She points out that teaching today requires different strategies.

"You can't teach like you used to - that time when you could stand in front of a classroom and think kids were going to listen and stay interested," she says. "Attention spans are so different. It's a whole new world out there. You just can't do it that way. Kids are coming from different situations. And look at what they can see and do. Look at the iPads they have, all the phones and everything they can do with social networking."

She cautions, though, "They have instant communication, but do they know how to relate to one another? When they can be sitting side by side and texting one another, that amazes me. That (texting) language they can learn. Spanish is not so easy for them. But texting, they have that down."

Many youths today are growing up in an environment where both parents work, Hackfort notes, so they're going home from school to an empty house.

"It gives them more responsibility," she observes, "but maybe sometimes they don't have the structure either."

Hackfort's interest in history isn't limited to the classroom.

She's chairwoman of the Carroll Historical Preservation Society, which highlights local history, and president of the Carroll County Historical Society, which maintains the museum in Carroll, the Little Red Schoolhouse and fur trapper's log cabin in Graham Park, and the display of antique farm machinery at Swan Lake State Park.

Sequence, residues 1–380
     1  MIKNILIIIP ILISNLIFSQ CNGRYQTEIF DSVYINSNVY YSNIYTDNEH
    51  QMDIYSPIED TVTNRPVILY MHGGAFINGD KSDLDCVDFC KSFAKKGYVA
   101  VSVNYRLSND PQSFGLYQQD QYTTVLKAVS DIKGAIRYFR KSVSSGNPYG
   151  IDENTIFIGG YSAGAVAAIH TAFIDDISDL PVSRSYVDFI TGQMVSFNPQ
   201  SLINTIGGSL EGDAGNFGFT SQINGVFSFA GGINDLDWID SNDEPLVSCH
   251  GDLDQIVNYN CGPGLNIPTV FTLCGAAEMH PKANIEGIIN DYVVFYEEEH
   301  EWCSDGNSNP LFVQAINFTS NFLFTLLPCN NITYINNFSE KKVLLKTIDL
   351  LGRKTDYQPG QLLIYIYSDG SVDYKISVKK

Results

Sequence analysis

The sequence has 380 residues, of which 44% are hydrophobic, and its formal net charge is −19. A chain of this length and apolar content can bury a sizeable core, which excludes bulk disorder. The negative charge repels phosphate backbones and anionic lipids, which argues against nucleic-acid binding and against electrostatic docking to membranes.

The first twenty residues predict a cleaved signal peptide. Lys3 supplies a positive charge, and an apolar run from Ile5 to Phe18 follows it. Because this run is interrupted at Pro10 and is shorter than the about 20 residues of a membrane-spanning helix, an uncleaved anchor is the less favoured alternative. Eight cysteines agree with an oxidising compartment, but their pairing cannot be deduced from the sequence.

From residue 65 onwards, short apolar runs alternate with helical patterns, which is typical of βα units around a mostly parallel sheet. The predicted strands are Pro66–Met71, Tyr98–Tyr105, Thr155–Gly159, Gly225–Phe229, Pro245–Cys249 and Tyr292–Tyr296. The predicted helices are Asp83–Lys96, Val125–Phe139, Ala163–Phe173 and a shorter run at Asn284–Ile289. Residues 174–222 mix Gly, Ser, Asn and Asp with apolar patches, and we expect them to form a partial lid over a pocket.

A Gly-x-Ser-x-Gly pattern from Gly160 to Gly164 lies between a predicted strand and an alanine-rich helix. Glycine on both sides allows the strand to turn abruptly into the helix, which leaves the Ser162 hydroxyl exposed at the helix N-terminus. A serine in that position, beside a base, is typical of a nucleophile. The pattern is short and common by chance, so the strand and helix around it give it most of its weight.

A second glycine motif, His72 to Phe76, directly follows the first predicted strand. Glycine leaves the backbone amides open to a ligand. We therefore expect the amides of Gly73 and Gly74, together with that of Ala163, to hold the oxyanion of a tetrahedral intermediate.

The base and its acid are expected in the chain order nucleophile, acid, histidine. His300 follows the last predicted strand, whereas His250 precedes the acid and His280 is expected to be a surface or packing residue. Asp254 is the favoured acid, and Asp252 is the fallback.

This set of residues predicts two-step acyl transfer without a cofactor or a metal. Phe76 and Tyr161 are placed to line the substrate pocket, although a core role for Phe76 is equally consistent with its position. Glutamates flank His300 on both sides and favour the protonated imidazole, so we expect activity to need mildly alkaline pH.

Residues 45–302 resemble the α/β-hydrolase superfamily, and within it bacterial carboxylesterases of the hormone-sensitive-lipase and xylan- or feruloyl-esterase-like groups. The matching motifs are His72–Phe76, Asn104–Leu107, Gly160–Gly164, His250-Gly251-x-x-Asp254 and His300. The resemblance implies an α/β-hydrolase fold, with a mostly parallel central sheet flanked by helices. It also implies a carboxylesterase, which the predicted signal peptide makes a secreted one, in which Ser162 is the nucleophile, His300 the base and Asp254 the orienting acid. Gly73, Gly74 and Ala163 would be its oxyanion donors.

Hackfort says of her interest in history, "I remember when I was in fourth grade our social-studies book had us taking a trip along the Lincoln Highway (America's first coast-to-coast highway, which passes through Carroll), and I was so excited," she says. "It (history interest) must have come from my folks."

Hackfort also credits her parents with teaching their children solid work ethic, responsibility and sense of accomplishment.

Since 1978, Hackfort has taken a major trip every summer with her destinations including Washington, New York, Boston, California, Utah's national parks and the Northwest. Also she says, she enjoys exploring the wide range of scenery in Nebraska - from the waterfalls in the north-central part of the state to the bluffs and historic Oregon Trail in the far west.